(Outside of the US, particularly in countries like China and North Korea where the rights to free speech and expression are not recognized, the government does attempt to censor many of these protocols and networks, with varying degrees of success and failure. This only serves to underscore how important net neutrality is for the rest of us: while some creative citizens have been able to bypass the government’s censorship, they really should not have to,)

Simply put, if the FCC gets rid of the rules protecting net neutrality, there would be nothing stopping Comcast, Time Warner, AT&T, Verizon, and other ISPs from putting “the rest of the internet” in a separate “box” and either slowing them down to almost nothing, or perhaps even charging extra on top of the “normal” internet access that gives you all the sites you could want to visit that are owned by or have cut deals with your ISP’s parent company. In short, it would take away most of the good things about the internet, and drop everything bad about TV and other mass media in its place.

The last thing I want is for the next generation of bloggers to hear “don’t bother starting a new blog on your own, the only way to get an audience is to land a spot at <insert names of mass media companies here>.” Or for someone trying to read my blog and having to wait forever for it to load, because they are connected to the internet through Time Warner, and Time Warner would rather have my readers reading CNN’s bloggers or even just watching CNN.

If you are in the US, you can (and should) take a minute to make a public comment to the FCC through The comment period is open for a couple of days, and the more public outrage the FCC gets over this issue, the better.

Net neutrality: why we need it, now

Okay, for those of you who don’t know, I’m going to try to explain just what net neutrality is, and why we need it now more than ever.

First, we have the recent attempt by Comcast to block Internet-based video services such as Netflix and Hulu. (Most of the news reports about this have only mentioned Netflix, however some Twitter users I am following seem to have implied that Hulu might be getting blocked as well.) There is no good reason for this other than a control freak mentality on the part of Comcast, who might block YouTube and Vimeo next unless they are stopped.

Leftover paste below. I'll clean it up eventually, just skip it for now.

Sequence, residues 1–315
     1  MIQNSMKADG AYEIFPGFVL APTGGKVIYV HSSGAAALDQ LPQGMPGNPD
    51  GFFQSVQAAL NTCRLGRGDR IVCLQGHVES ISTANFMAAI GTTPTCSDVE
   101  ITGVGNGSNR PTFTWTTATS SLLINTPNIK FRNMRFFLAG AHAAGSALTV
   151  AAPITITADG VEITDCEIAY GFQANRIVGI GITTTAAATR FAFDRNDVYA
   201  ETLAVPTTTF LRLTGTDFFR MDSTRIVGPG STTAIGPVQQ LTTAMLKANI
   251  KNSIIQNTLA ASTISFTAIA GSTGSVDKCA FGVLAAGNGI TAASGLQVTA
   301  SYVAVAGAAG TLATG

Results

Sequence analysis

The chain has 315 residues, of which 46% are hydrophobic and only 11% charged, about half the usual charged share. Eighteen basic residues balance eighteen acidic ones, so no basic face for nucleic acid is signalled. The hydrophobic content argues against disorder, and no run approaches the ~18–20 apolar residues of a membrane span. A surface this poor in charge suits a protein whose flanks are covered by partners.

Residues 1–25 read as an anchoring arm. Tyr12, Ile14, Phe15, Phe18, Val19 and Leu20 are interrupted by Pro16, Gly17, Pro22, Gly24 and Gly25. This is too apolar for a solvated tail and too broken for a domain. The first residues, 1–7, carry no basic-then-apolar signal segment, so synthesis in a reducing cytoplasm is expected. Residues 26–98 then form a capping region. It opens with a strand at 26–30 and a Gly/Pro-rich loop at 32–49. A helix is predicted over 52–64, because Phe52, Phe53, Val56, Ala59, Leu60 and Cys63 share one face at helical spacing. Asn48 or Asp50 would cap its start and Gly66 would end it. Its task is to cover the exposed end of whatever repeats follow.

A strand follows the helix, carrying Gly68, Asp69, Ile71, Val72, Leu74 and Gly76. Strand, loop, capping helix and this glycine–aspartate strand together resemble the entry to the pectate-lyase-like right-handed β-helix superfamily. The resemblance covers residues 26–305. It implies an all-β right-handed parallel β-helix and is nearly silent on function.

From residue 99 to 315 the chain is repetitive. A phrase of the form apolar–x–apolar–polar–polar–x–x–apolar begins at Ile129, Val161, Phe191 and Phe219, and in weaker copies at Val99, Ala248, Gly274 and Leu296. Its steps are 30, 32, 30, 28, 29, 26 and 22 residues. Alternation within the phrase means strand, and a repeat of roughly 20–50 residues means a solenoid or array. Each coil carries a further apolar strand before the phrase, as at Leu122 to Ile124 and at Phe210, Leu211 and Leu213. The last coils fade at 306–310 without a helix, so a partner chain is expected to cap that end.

That’s bad enough. But you know what really hacks me off? This article on Engadget which shows what some Internet providers want to do: charge specific tolls and set specific bandwidth limits and restrictions on access to selected Internet sites. Facebook will cost, say, an extra 2 cents per megabyte, and YouTube will be capped at 60 kilobytes/second with an extra 50 cent fee per month. The frightening thing? There’s nothing stopping an Internet provider from just up and blocking blogs like the one you’re reading now, or to charge an arbitrarily high fee to read them.

I pay very little to keep my blogs online; the traffic charges are at worst $1 per gigabyte (and go down as I accumulate more total traffic over the lifetime of the account). And none of that is paid by my readers. I intentionally accept no advertising on this blog; I am open to the idea of accepting it on my other currently active blog, Quinn’s Big City, but as a practical matter the readership numbers are not high enough to make it feasible right now.

This is about profit for Comcast, Verizon, AT&T, and Vodafone don’t want you to hear. I’m getting the message out now while I still can. Because there’s no telling when it’ll cost you an extra 25 cents per megabyte to read my blogs, if you can at all. Every blogger should be worried about this, especially those who blog on controversial topics and call out the corporations, particularly those in the large to gargantuan size range, for greed like this.

The last thing the Internet needs is a bunch of greedy companies throwing up tollbooths in front of Internet services “just because.”

Net neutrality checking made simple: Switzerland

I learned of the EFF’s net neutrality auditing tool Switzerland by way of a recent article, and in turn by a recent TechBlog post. A tool like this is long overdue. Right now I’m barely at the stage of downloading and testing out Switzerland but I will definitely keep everyone updated on what I find out.

For the record, at the present time I’m accessing through an ISP I believe to have no real neutrality issues (Speakeasy).